A summary of the new agreement says that Beijing will now “strive” to purchase an additional $5bn (£3.8bn) of US agricultural products over the next two years.
“That will result in greater prosperity for farmers all across the land,” Mr Trump said as he signed the agreement.
But farmers in Wisconsin – the swing state proudly billed as America’s Dairyland – remain uncertain. And as the president seeks re-election, that could matter.
In 2016, Mr Trump clinched the state by a 0.8% margin, becoming the first Republican to do so since Ronald Reagan in 1984.
In Wisconsin, such a razor’s-edge victory is typical.
In three of the five past presidential elections, victory in Wisconsin has been decided by less than one percentage point. In 2000, this margin was made up of 6,000 votes, in 2004 about 13,000.
Farmers make up about 11% of the electorate in Wisconsin, says Charles Franklin, director of the state’s leading poll at Marquette Law School.
“They’re a modest bloc,” Mr Franklin says. But even a modest bloc “could be responsible for tipping a one-point election”.
So how are farmers feeling about the future?
‘It’s a slow death’
“Every year you lose a few farms, every year you lose a few farmers who don’t want to keep doing this,” says Will Hsu, president of Hsu Ginseng, a ginseng farm in central Wisconsin’s Marathon County.
The region is reliably Republican – Marathon County went for Trump over Clinton by an 18 point margin in 2016 – and is home to more than 95% of the United States’ ginseng, almost all of which is shipped to China.
In the 1990s there were 1,000 ginseng farmers in Wisconsin, Mr Hsu says, growing more than 2m lbs of ginseng.
“There are only about 180 farmers left,” he says. “It’s death by a thousand cuts.”
It’s hard work. Ginseng takes three to five years to reach maturity and cannot be farmed on the same land twice.
And it’s been made harder by the trade war, Mr Hsu says, which has pushed tariffs up from 8% to 38%, a punishing reality for farmers who rely on Chinese consumers for their survival.
Many farmers are bearing costs themselves – lowering prices to offset the added tax.
It’s not quite devastation, he says, but the pressure on farmers is building.
“It’s a slow death,” he says.
Hsu’s criticism of the president’s trade war has raised eyebrows from some in his community, he says.
“I hear from a lot of farmers who say I’m a little too vocal against Trump’s policies, that I should be supportive of him.”
But even though Hsu might support Trump ideologically, “there’s also the realistic part of me,” he says. And “realistically, it’s hurting everyone and our pocketbooks.”
‘Farmers are always the pawns’
Joel Greeno, 52, grew up on a dairy farm in Monroe County in west Wisconsin. It was “pretty much assumed” he would continue the family tradition, he says.
In 1990, he did, buying a 160 acre dairy farm and 48 cows of his own.
But after twenty years of business, staring down economic ruin, he was forced to sell.
“It was just excruciating,” he says.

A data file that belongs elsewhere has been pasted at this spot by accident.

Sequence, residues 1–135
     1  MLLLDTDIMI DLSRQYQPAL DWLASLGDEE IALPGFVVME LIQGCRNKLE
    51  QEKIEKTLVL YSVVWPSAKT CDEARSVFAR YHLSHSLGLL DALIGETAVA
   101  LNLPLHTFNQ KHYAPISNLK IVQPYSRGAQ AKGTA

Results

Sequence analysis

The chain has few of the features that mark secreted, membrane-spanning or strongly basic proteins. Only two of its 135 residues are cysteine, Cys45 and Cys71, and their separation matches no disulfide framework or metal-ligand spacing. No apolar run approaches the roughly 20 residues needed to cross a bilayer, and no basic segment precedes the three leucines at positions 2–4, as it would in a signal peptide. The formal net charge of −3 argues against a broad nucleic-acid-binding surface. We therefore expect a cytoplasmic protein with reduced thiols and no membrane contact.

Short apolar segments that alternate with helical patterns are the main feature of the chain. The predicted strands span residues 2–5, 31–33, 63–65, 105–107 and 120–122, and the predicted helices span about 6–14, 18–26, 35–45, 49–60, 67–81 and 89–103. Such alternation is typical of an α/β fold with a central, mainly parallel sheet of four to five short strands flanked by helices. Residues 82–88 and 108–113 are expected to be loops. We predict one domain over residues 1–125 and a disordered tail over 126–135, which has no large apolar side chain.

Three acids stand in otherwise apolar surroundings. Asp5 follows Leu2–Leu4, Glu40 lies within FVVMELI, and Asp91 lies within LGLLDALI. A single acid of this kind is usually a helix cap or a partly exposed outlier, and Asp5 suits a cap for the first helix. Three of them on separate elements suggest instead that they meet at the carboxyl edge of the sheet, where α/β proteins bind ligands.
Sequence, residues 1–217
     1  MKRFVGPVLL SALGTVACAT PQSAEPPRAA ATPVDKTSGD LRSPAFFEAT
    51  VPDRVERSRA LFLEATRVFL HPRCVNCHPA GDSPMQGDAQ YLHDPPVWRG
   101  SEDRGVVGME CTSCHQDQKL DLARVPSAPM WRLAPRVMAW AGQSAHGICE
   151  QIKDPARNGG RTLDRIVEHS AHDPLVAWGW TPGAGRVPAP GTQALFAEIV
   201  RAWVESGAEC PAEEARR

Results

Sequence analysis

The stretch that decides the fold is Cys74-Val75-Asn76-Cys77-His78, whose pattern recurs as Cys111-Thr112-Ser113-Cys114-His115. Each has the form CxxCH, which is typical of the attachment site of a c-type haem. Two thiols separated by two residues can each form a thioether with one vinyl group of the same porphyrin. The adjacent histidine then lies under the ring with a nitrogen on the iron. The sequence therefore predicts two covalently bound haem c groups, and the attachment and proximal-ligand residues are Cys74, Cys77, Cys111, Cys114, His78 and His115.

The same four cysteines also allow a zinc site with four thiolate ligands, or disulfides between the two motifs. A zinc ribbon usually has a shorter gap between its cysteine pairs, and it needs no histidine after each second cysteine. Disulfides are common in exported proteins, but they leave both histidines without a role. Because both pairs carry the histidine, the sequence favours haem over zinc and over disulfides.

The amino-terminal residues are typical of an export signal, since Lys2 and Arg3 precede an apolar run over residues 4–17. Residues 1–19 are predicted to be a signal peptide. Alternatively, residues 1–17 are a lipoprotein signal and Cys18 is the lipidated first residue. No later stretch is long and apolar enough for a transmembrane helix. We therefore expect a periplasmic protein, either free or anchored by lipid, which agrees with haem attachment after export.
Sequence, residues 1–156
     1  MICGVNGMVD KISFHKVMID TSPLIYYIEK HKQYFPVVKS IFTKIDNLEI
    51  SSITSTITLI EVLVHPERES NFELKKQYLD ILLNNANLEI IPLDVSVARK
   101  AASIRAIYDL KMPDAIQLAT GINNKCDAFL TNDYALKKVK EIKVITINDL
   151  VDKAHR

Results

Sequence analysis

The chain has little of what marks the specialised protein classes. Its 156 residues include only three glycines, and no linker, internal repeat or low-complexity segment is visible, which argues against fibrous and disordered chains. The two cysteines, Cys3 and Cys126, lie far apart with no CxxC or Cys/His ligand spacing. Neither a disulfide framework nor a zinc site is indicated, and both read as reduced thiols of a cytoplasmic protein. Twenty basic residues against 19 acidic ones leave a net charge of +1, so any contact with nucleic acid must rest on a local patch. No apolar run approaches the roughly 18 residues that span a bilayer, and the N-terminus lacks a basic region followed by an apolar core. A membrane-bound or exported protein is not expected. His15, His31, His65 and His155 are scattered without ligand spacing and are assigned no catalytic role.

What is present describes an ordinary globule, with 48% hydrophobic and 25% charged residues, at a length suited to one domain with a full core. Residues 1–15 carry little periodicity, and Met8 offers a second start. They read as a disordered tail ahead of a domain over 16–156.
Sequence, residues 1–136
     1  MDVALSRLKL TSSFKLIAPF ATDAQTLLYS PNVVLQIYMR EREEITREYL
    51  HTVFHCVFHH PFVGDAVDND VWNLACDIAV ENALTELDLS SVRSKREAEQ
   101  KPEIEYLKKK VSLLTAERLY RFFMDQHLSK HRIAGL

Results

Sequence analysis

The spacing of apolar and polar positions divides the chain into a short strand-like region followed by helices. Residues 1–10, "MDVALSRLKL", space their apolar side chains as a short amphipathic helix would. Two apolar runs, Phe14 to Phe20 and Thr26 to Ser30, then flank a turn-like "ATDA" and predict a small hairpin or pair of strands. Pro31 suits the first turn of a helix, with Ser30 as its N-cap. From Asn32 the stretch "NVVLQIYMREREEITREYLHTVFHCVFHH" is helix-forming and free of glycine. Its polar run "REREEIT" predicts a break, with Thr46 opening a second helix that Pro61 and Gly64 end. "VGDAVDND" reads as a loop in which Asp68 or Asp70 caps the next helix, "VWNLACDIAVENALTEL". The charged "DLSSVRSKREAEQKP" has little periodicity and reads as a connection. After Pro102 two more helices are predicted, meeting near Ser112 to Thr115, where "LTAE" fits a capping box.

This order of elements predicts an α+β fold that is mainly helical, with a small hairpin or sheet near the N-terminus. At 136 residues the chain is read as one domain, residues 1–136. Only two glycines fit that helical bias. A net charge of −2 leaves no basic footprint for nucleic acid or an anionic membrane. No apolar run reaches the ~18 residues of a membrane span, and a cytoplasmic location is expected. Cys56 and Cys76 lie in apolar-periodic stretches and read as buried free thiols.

To Mr Greeno, who now farms vegetables in addition to nightshifts at Wisconsin’s Ocean Spray cranberry factory, Mr Trump’s trade war has added needless stress to an already fragile industry.
For years, Wisconsin has led the US in farm bankruptcies. In 2019, the state lost one in 10 of its dairy farms, marking the biggest decline on record.
Exports of US dairy products to China declined by over 50% in 2019, and the US Dairy Export Council estimated last year that retaliatory tariffs from China could cost US dairy farmers $12.2bn by 2023 if they remain in place.
“Tariffs only hurt us,” he says. “There was no thought process whatsoever.”
He continues: “Our labour is stolen, our lives are stolen, our families are broken and it’s all because we have politicians who are absolutely clueless to the reality of farming.”
“Farmers are always the pawns.”
‘Ray of hope’
“We’ve dealt with declining prices before, but it hasn’t lasted this long before,” Katy Schultz says as she walks through the barn at Tri-Fecta farms, the 400-cow dairy farm she owns with her two siblings just outside of Fox Lake.
The US-China trade war added “insult to injury” during a difficult period for farmers, she says. “It was already not great times and not great prices.”
“I won’t sugar coat that… We struggled. We struggled with everyone.”
In the weeks before the agreement was signed, people in her community had been talking about the possibilities of a new deal. For some, Mr Trump’s promises gave them a “ray of hope” to hang on through difficult conditions.
Just one door over from 2,000 acres, a neighbour boasts a towering flag pole on the front lawn, adorned with a massive Trump 2020 flag. It’s not unexpected in Dodge County – which went for Trump in 2016 by a 30-point margin.
Ms Schultz doesn’t say who she voted for, disclosing only that her siblings were “divided” at the ballot box.
“I don’t care if they’re Democrat or Republican. I just want to know that they’re rowing in the same boat that I am,” Ms Schultz says. But there are some things the president has done that “you can’t really deny”, like the record-low unemployment rate.
“Is [the deal] the answer to everything? Probably not,” she says. But, “I think there’s some optimism now.”